From USNA Virtual Memorial Hall

John Mehlig '37

Date of birth: January 19, 1915

Date of death: February 21, 1945

Age: 30

Lucky Bag

From the 1937 Lucky Bag:


John was lost when USS Bismarck Sea (CVE 95) was sunk by two kamikazes on February 21, 1945 while supporting the invasion of Iwo Jima. He was the ship's executive officer.

From the Miami Herald on April 1, 1945:

Lt. Comdr. John Louis Mehlig, USN, son of Mrs. Webb Jay, Miami Beach, died as a result of wounds suffered Feb. 21 when his ship, the USS Bismarck Sea, was sunk off Iwo Jima.

The 30-year-old air command officer transferred to the Naval Air Corps in August, 1941, after serving three and a half years on the USS Tennessee. Completing training as a fighter pilot at Opa-locka, he was assigned to the Enterprise.

Before the Enterprise came home, Comdr. Mehlig shared a group Presidential citation for meritorious service. He was attached to the naval air station at Pearl Harbor before returning to this country early in 1944 for a leave and assignment to the Bismarck Sea.

As a boy in Washington, Comdr. Mehlig wanted to attend the United States Naval Academy at Annapolis, and entered Severn school, Maryland, with that in mind. Later, through the interest of Frank B. Shutts, Miami, he was appointed to Annapolis by Sen. Park Trammell.

A tribute to his ability as a fighter pilot was contained in a letter by an admiral to Mrs. Jay last Christmas. In it he said, "I want to tell you with utmost sincerity that John is a grand lad and is doing a wonderful job. Everyone who comes in contact with him says the same thing."

Other Information

From researcher Kathy Franz:

John attended John Eaton school and then Western High School in 1931. He was a Boy Scout and Eagle Scout with Troop 44 in Kokomo. At Severn school, he was voted the boy who contributed most to the school in leadership athletics and scholarships. He was a star lacrosse player at Annapolis.

Father Raymond Louis Mehlig was the president of the South Side Lumber and coal company in Kokomo, Indiana. His mother May was Mrs. Webb Jay.

From Severn School 1933 yearbook: “Whitey” You’ve guessed it the “Whitey” Mehlig who spends his Christmas leaves down in Miami. One of our finest athletes, Johnny captured a place on the All-Maryland football team of 1932, is showing up just as well on the mat, and is an expert when it comes to handling a lacrosse stick.

There is an old saying that ladies as well as gentlemen prefer blondes, but Whitey starts a new one – that all blondes don’t go for the ladies. Quiet, unassuming, well liked by all, Whitey goes through his classes leaving a long string of 4.0’s behind him. A member of Sigma Phi Sigma. Good luck, Whitey, and best wishes for the future.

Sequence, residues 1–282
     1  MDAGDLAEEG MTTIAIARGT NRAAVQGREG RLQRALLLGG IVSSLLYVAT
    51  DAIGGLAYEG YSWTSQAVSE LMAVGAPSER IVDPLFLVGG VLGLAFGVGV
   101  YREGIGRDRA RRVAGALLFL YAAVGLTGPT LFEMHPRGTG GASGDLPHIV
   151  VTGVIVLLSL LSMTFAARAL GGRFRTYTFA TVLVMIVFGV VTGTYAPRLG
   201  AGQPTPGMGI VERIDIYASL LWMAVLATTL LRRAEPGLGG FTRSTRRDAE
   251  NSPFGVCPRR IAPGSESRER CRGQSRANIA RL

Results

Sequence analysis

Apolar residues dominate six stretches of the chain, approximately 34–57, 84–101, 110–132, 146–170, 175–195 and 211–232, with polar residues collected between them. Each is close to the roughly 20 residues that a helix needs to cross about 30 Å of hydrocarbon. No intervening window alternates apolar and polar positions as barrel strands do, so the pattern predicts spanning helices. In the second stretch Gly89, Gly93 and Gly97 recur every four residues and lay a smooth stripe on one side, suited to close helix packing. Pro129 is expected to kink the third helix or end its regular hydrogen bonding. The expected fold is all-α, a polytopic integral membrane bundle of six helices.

He does not have anyone listed as next of kin, but he was survived by his parents (mother remarried), grandparents, and uncles who are retired USN.


Bronze Star

The Miami News reported on December 31, 1946 that John's mother was presented his posthumous Bronze Star in a ceremony at the Miami naval air station.


John was promoted to LTJG on June 3, 1940; on December 2, 1941 he was designated naval aviator #9988. He was promoted to LT on January 2, 1942 and reported as executive officer of Fighting Squadron (VF) 6 aboard USS Enterprise (CV 6) on August 24, 1942. He was promoted to LCDR on July 1, 1943 and on some unknown date after this became executive officer of USS Bismarck Sea (CVE 95). (Information from Richard Leonard, naval aviation historian.)

Navy Directories & Officer Registers

The "Register of Commissioned and Warrant Officers of the United States Navy and Marine Corps" was published annually from 1815 through at least the 1970s; it provided rank, command or station, and occasionally billet until the beginning of World War II when command/station was no longer included. Scanned copies were reviewed and data entered from the mid-1840s through 1922, when more-frequent Navy Directories were available.

The Navy Directory was a publication that provided information on the command, billet, and rank of every active and retired naval officer. Single editions have been found online from January 1915 and March 1918, and then from three to six editions per year from 1923 through 1940; the final edition is from April 1941.

The entries in both series of documents are sometimes cryptic and confusing. They are often inconsistent, even within an edition, with the name of commands; this is especially true for aviation squadrons in the 1920s and early 1930s.

Alumni listed at the same command may or may not have had significant interactions; they could have shared a stateroom or workspace, stood many hours of watch together… or, especially at the larger commands, they might not have known each other at all. The information provides the opportunity to draw connections that are otherwise invisible, though, and gives a fuller view of the professional experiences of these alumni in Memorial Hall.

January 1939

Ensign, USS Tennessee

Others at this command:

October 1939

Ensign, USS Tennessee

Others at this command:

June 1940

Ensign, USS Tennessee

Others at this command:

Others at or embarked at this command:

LT Claude Haman '26 (Observation Squadron (VO) 2)

November 1940

Lieutenant (j.g.), USS Tennessee

Others at this command:

Others at or embarked at this command:

LT Claude Haman '26 (Observation Squadron (VO) 2)

April 1941

Lieutenant (j.g.), USS Tennessee

Others at this command:

Others at or embarked at this command:

LCDR Claude Haman '26 (Observation Squadron (VO) 2)

Class of 1937

John is one of 45 members of the Class of 1937 on Virtual Memorial Hall.

The "category" links below lead to lists of related Honorees; use them to explore further the service and sacrifice of the alumni in Memorial Hall.